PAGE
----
Updating “La Boheme” to the downtown ’90s may have worked for “Rent,” but resetting “La Traviata” in Manhattan’s disco ’70s most definitely does not for “Kept.” This generally flat and flavorless new musical from the creators of middling “Side Show” and charming “Everything’s Ducky” renders hedonism dull — though not as dull as the maudlin romantic tragedy that runs its predictable course in act two. Lead recasting, book rewrites and a sharper physical staging than Scott Schwartz’s TheatreWorks premiere prod would improve matters, but this uninspired tuner will need ground-up retooling if it’s to be a keeper.
The troubles go as deep as show’s faulty basic concept: Sticking Dumas’ kept-woman “Lady of the Camellias” in Studio 54 sounds fair enough, exchanging one era’s decadence for another. Yet unlike that heroine’s original milieu, ’70s lifestyle excesses weren’t hidden away from a shocked bourgeois majority — the walls of propriety had already tumbled down. Ergo, this transplant grows increasingly ludicrous as archaic concepts of noble “sacrifice” and such arrive on cue as plot devices. If there’s one thing the decade was not about, it’s guilt.
“Kept” doesn’t get the giddily indulgent aspects right, either. If it had managed a mix of affectionate nostalgia and satire, a la “Tales of the City,” or a hallucinogenic, self-destructive dolce-vita view in the mode of “All That Jazz,” the period transplant might have worked. But “Kept” instead recalls another misjudged boogie-wonderland flashback: Like Whit Stillman’s film “The Last Days of Disco,” it plunks us down in the famously fabu environs of 54, then focuses on the most boring people on the dance floor.
Led past Studio 54’s “Velvet Rope” (an underwhelming opening) to nirvana inside by his gay flatmate Blake (Barrett Foa), aspiring doctor Ian (Will Swenson) promptly locks eyes with pouty party princess Caleigh (Christiane Noll). Having spatted with billionaire patron Marshall (Dennis Parlato), she passes out from substance overkill, enabling poor-but-hunky Mr. Right to carry her home.
He’s left mysteriously smitten with this “legendary beauty,” though neither that quality nor any other above-average ones come through in the weak character dialogue or Noll’s uncharismatic perf. Seeking her out, Ian pitches earnest woo, at last overcoming Caleigh’s cynicism and greed. The duo repair to a Hamptons beach house for clean-living bliss. But their money soon runs out, Ian’s mom (Karen Murphy) begs Caleigh to “sacrifice” — her son must finish med school! — and heroine returns to her prior booty-shaking, coke-snorting ways. This triggers fatal collapse from an as-yet-unnamed (in 1980) ailment we’re meant to assume is AIDS.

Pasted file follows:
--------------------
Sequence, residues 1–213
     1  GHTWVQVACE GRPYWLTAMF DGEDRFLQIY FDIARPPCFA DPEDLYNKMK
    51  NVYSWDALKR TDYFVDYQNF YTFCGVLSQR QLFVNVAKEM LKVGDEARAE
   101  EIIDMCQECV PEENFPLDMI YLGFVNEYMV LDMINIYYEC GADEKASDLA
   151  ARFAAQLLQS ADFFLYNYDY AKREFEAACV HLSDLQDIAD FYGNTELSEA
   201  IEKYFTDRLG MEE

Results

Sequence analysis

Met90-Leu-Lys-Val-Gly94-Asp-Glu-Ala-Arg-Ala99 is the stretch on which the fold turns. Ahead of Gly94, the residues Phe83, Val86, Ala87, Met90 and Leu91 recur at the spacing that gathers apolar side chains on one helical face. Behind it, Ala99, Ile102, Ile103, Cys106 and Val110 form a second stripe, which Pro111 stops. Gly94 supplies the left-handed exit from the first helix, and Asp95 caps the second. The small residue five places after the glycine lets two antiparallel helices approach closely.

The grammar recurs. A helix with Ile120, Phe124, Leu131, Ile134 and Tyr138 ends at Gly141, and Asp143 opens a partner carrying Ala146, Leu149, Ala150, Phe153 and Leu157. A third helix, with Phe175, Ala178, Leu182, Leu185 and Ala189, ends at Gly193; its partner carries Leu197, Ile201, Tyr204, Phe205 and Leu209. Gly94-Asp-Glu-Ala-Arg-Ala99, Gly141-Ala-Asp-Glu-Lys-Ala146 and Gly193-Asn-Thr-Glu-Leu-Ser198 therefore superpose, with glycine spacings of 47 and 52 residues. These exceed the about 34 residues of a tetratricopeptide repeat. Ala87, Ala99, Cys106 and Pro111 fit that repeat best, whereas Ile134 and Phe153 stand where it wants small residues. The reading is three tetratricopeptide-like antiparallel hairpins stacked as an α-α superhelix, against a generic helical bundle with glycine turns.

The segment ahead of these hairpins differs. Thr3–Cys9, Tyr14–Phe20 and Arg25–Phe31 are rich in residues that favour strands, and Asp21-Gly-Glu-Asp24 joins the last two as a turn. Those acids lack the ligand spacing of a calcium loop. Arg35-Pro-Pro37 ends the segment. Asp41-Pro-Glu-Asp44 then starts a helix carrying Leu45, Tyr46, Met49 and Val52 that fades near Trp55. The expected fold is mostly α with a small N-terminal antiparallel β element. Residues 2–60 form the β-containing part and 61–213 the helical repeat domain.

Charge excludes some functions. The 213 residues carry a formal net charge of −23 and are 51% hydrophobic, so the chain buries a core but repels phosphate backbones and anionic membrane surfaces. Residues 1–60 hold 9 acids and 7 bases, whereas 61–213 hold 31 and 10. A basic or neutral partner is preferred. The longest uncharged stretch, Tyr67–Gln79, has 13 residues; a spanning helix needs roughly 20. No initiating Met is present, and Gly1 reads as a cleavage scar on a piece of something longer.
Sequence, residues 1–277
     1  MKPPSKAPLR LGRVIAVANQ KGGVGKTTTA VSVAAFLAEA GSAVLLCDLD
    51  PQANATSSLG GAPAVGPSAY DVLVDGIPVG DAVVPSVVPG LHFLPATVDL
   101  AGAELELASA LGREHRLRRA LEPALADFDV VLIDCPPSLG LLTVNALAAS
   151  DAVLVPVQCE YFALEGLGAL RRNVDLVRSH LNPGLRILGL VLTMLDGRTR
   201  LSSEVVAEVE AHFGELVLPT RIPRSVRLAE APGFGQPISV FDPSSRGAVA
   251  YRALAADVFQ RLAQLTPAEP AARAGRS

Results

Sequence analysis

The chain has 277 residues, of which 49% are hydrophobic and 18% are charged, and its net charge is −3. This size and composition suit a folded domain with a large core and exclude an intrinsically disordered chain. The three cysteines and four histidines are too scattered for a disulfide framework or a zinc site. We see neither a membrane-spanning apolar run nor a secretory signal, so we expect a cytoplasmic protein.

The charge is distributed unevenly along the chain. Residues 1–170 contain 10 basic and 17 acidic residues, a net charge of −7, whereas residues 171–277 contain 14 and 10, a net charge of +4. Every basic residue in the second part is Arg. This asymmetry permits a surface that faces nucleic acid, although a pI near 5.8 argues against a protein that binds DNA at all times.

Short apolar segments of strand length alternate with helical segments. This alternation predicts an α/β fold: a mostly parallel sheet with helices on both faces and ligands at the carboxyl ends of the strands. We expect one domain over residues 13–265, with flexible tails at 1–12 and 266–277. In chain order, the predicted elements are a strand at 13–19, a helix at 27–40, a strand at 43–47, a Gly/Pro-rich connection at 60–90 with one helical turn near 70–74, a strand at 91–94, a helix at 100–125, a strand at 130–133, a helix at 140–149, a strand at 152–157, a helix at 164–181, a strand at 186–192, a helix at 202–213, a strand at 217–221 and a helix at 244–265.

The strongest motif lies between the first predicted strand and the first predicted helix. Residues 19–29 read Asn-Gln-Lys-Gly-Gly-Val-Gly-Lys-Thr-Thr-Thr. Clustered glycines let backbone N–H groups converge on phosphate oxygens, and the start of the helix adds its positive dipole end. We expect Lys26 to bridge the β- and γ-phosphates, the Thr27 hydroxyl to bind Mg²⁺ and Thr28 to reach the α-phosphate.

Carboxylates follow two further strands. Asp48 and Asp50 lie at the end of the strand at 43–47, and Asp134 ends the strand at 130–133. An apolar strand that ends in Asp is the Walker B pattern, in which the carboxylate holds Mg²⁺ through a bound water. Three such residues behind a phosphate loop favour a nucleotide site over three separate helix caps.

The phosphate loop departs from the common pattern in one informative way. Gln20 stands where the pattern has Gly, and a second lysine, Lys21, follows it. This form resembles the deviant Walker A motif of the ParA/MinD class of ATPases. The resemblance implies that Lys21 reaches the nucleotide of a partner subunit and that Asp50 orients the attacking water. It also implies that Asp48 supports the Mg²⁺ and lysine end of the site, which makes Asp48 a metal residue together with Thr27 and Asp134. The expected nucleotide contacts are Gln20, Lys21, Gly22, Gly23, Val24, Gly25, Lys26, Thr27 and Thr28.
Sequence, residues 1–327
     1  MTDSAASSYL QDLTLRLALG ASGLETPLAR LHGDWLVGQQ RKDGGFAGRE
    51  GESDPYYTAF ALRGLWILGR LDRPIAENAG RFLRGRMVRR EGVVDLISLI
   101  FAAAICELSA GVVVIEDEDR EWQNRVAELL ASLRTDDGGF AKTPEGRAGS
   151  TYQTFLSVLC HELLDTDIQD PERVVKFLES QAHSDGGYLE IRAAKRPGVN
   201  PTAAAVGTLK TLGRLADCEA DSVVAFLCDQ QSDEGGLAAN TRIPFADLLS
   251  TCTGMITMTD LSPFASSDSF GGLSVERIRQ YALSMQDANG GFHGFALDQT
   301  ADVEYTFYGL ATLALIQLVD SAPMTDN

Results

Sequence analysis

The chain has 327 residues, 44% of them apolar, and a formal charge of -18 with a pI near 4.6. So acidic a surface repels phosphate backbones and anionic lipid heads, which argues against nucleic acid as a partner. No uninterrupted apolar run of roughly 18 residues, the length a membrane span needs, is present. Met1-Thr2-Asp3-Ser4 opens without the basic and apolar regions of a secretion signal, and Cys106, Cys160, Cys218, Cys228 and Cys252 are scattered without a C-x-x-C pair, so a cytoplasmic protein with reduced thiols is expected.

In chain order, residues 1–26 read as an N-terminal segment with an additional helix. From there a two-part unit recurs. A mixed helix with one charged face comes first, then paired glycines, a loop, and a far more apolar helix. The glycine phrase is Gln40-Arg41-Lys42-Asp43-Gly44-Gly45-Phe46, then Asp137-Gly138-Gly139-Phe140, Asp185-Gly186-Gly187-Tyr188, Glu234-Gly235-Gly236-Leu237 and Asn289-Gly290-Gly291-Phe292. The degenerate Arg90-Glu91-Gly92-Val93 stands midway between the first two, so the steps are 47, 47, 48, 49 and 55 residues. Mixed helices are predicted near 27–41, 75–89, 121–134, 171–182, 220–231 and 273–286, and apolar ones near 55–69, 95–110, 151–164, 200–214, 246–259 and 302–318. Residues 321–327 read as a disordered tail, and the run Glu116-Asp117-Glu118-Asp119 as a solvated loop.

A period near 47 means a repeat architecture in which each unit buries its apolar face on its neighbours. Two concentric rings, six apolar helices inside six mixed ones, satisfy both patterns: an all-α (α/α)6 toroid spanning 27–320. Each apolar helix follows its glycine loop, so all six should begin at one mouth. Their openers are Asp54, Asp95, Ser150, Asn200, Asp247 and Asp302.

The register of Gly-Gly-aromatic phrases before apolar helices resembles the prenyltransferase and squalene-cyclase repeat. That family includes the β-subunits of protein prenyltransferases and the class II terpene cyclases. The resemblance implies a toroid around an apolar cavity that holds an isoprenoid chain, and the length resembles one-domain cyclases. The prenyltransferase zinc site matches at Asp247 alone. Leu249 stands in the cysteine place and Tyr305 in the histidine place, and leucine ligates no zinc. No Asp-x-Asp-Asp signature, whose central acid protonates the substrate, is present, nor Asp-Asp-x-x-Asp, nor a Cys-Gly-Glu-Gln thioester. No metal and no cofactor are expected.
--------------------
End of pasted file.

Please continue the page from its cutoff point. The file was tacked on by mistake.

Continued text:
Stephen Chbosky and Bill Russell’s book tries to evoke the superficial-but-so-what fabulousness of the 54 scene via a Greek chorus-line of pansexual “glitterati,” with good-natured boytoy Blake and bitchier Grace Jones look-alike Brigitte (Brenda Braxton) designated as the principal hangers-on. Yet there’s precious little sense of infectious fun in this backdrop — partly because Henry Krieger’s routine music seldom even tries to feel the funk, instead mostly inhabiting a generic ’90s showtune no-man’s-land of perfunctory ballads, vaguely retro novelty tunes (“Why Are the Wrong People Rich?,” “Why Don’t We Stay in Bed?”) and strained big-emotion solo numbers. Nor do Russell’s lyrics often hit the desired targets of genuine wit or uncliched sentiment.
Caleigh is meant to be a doomed dazzler, but as penned she’s just a snippy, rotely sarcastic party doll, while Ian is Wonder Bread itself. Noll and Swenson have no chemistry together; separately each lacks the magnetism or vocal chops that might have filled in the script’s blankness.
Supporting thesps fare little better. Braxton has presence, as well as the strongest pipes here, but her finally unsympathetic part makes too little use of either. Parlato and Murphy’s characters are groan-inducing wet blankets.
Andy Blankenbuehler’s blah choreography similarly recedes into the overall fog, not even bothering to quote ’70s disco dance styles enough so you’d notice. Sets by Robert Brill are movable screens and pieces that provide too little gaudy color against a black-box background. Beaver Bauer’s retro costumes are apt enough, but she’s held back from full-on excess by show’s insistence on earnest dramatics.